South and Mid Wales

Cardiff, the capital city of Wales, is a vibrant and bustling modern city that deserves at least a day of your holiday!

Visit Cardiff Bay – Europe’s biggest waterfront development and home to the National Assembly for Wales, The Wales Millennium Centre, and the Norwegian Church. A 30-minute stroll (or a short bus or taxi ride) and the Principality Stadium, the home of Welsh rugby, looms over the river Taff. From here you are seconds from Cardiff Castle, Cardiff Museum, and the bustling Victorian shopping arcades.

Heading west past towns made famous by coal and steel, we reach Swansea and the Gower peninsula. Britain’s first Area of Outstanding Natural Beauty feels a million miles from the bustling centre of Cardiff. Broad sandy beaches, pounding surf and lofty clifftop walks are the order of the day on ‘The Gower’

A visit to the busy seaside town of Tenby is also a must. The light and colours have attracted artists and tourists for centuries. Tenby is known for its 13th-century town walls, sandy beaches, and its delightful little harbour.

The next stop is the ancient county of Pembrokeshire. Don’t miss Pembroke Castle, the birthplace of Henry VII or St Davids, the smallest city in Britain. Its magnificent cathedral was founded in the 6th century by St David, the Patron saint of Wales. A RIB ride around Ramsey Island to see seals, sea birds and ‘The Bitches’ tidal race (and dolphins if you are lucky!) shouldn’t be missed.

Now turn north past pretty coastal villages like Fishguard, Cardigan and Aberaeron. Stop off at the mysterious 5000-year-old burial chambers at Pentre Ifan then take a ride on the Cwm Rheidol heritage steam railway. Whilst here, keep your eyes peeled, you may spot the national bird of Wales, the Red Kite, soaring majestically alongside you. The next stop is the busy university town of Aberystwyth and onwards the gateway to Snowdonia and North Wales.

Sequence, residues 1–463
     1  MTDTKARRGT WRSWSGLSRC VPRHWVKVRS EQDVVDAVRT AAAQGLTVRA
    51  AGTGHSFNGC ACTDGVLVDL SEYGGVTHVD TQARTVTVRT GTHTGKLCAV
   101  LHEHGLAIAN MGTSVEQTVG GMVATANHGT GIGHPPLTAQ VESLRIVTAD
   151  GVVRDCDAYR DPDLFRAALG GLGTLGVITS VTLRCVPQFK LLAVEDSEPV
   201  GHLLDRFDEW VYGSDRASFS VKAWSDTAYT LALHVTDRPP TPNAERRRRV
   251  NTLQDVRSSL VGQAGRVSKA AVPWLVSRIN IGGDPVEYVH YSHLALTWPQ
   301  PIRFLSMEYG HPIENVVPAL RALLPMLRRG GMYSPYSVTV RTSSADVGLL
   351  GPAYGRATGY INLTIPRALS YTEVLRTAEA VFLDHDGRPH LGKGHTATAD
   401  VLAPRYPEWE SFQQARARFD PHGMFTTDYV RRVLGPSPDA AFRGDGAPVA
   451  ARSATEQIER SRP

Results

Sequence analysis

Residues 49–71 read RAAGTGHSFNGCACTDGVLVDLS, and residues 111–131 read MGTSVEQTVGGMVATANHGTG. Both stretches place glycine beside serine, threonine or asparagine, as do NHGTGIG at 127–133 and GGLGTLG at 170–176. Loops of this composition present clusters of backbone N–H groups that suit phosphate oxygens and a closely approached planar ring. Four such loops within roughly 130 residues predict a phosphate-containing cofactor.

For an alternative route, from Cardiff or Swansea, head north to the Brecon Beacons, the highest mountains south of Snowdonia. The ‘Beacons’ form the northern end of the great coal-mining valleys of the industrial revolution. Industry in these valleys in the 19th century helped make Wales one of the first industrial super nations. Whilst here visit ‘Waterfall Country’ and the whisky distillery at Penderyn for a ‘wee dram’ of Wales’ finest spirit.

Now turn north through the sparsely populated heartlands of mid-Wales. Visit Builth Wells, home of the annual Royal Welsh agricultural show. A narrow mountain road through the wild Cambrian Mountains takes you past the great reservoirs of Mid Wales. Built to provide water for the industrial cities of the English midlands this landscape almost has a Scandinavian feel to it. Our last stop before we head north to the busy university town of Aberystwyth is the beacon of tranquillity and reverence that is the former Cistercian abbey of Strata Florida.